Here’s a sampling of the events happening in the Long Island Weekly coverage area.
Tuesday, May 25
Labor Camps On Long Island
The North Shore Historical Museum presents this virtual lecture at 7 p.m. During World War II, a group of potato farmers opened the first migrant labor camp in Suffolk County to house farmworkers from Jamaica. Over the next 20 years, more than one 100 camps of various sizes would be built throughout the region. Thousands of migrant workers lured by promises of good wages and decent housing flocked to Eastern Long Island, where they were often cheated out of pay and housed in deadly slum-like conditions. Preyed on by corrupt camp operators and entrapped in a feudal system that left them mired in debt, laborers struggled and, in some cases, perished in the shadow of New York’s affluence. Author Mark A. Torres reveals the dreadful history in his book. Cost is $15. Participants will be emailed a zoom link on the day of event. Visit www.nshmgc.org or call 516-801-1191 for more information.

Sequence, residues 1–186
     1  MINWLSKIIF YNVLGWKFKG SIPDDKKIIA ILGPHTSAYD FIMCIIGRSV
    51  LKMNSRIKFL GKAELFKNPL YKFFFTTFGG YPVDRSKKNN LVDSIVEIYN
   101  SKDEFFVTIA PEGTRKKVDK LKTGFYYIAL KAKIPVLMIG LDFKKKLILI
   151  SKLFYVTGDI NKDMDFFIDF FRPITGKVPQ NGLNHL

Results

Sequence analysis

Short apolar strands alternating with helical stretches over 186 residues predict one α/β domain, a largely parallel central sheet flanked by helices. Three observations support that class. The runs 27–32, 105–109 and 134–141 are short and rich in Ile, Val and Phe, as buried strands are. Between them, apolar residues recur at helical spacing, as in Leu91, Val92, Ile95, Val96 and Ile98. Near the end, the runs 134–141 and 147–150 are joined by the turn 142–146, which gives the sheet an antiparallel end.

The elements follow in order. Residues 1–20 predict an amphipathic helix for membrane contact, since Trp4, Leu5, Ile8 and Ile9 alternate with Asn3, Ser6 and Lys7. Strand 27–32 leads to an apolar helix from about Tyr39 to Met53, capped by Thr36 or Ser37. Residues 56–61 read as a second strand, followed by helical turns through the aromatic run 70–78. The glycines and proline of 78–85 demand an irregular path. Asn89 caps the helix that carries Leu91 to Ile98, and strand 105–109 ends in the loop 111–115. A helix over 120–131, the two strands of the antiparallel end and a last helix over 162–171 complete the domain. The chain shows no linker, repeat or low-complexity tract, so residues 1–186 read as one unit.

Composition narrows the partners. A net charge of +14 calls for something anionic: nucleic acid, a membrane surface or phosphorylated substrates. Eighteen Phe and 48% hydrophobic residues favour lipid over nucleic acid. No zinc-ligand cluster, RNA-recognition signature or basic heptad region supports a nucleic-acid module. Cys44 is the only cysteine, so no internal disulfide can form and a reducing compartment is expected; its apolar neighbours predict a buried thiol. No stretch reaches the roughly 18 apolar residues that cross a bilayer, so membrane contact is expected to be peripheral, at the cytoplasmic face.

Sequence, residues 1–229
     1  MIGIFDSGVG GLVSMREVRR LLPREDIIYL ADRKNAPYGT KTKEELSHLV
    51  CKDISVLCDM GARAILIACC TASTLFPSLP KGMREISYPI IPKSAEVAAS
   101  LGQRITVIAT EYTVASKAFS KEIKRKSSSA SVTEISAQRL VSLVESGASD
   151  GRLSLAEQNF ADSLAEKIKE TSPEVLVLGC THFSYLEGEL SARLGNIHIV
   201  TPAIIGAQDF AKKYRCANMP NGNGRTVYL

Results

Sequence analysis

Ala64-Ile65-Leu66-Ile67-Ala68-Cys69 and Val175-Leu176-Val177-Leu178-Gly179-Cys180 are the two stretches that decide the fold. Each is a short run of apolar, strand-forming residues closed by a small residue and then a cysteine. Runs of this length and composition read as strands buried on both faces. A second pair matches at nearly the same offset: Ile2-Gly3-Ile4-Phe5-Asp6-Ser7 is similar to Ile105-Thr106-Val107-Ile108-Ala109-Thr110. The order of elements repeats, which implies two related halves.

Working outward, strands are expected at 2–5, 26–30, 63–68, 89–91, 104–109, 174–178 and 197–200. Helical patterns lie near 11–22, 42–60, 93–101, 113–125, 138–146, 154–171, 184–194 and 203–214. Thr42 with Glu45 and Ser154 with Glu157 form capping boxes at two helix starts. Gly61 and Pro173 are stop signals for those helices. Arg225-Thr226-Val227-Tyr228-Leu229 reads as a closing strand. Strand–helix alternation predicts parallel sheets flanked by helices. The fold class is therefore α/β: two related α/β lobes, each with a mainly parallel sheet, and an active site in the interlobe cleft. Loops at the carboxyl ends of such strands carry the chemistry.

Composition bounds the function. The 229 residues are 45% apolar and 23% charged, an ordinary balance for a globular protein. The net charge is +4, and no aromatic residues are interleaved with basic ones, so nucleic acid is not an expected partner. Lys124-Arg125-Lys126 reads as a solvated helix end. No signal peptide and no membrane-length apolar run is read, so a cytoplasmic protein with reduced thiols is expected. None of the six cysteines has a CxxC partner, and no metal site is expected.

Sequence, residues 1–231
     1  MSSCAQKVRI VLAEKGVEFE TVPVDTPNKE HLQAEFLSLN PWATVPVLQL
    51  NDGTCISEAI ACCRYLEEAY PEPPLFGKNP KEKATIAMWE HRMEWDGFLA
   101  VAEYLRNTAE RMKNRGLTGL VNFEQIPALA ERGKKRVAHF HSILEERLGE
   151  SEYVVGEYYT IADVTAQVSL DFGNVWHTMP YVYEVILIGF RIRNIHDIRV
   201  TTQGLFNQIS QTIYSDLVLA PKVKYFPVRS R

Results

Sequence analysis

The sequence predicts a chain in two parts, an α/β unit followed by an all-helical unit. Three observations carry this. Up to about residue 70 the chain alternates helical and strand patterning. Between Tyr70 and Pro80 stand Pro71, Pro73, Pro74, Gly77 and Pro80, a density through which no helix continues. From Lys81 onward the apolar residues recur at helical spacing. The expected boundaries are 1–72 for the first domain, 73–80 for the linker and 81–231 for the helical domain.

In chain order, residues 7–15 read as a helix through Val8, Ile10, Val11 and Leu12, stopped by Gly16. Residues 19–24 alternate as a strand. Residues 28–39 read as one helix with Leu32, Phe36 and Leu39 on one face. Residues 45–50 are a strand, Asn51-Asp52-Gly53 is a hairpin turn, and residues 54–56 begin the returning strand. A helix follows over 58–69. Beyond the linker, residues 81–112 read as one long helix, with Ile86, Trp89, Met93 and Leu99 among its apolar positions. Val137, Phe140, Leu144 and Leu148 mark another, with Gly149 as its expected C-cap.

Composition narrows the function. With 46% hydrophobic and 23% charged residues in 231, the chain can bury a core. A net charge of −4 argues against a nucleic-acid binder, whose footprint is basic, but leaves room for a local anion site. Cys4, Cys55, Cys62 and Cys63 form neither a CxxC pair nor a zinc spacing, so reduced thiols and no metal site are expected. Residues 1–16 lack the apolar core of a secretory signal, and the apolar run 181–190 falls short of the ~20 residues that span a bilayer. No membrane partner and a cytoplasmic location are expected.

Long Island Coyotes
The North Shore Audubon Society presents a 7 p.m. Zoom presentation, “Tracking Coyotes on Long Island” by wildlife biologist Mike Bottini, a wildlife biologist at the Seatuck Environmental Association. He will discuss the history of the coyote’s range expansion into the eastern U.S and Canada, some notes on their ecology and behavior, their current status and distribution here on Long Island, and what other communities have learned about safely coexisting with this species Pre-register at www.northshoreaudubon.org.
Drunk On Genocide
The Holocaust Memorial & Tolerance Center of Nassau County hosts a virtual book discussion with Edward Westermann about Drunk on Genocide: Alcohol and Mass Murder in Nazi Germany, from 6 to 7 p.m. Westermann is the Regents Professor of History at Texas A&M University-San Antonio, and his book is being published in association with the U.S. Holocaust Museum in Washington D.C. Westermann has unearthed new material showing how alcohol consumption served as lubricant for mass murder and that contrary to the common misconception of the SS as stone-cold killers, they were, in fact, intoxicated with the act of murder itself. Register here.
Wednesday, May 26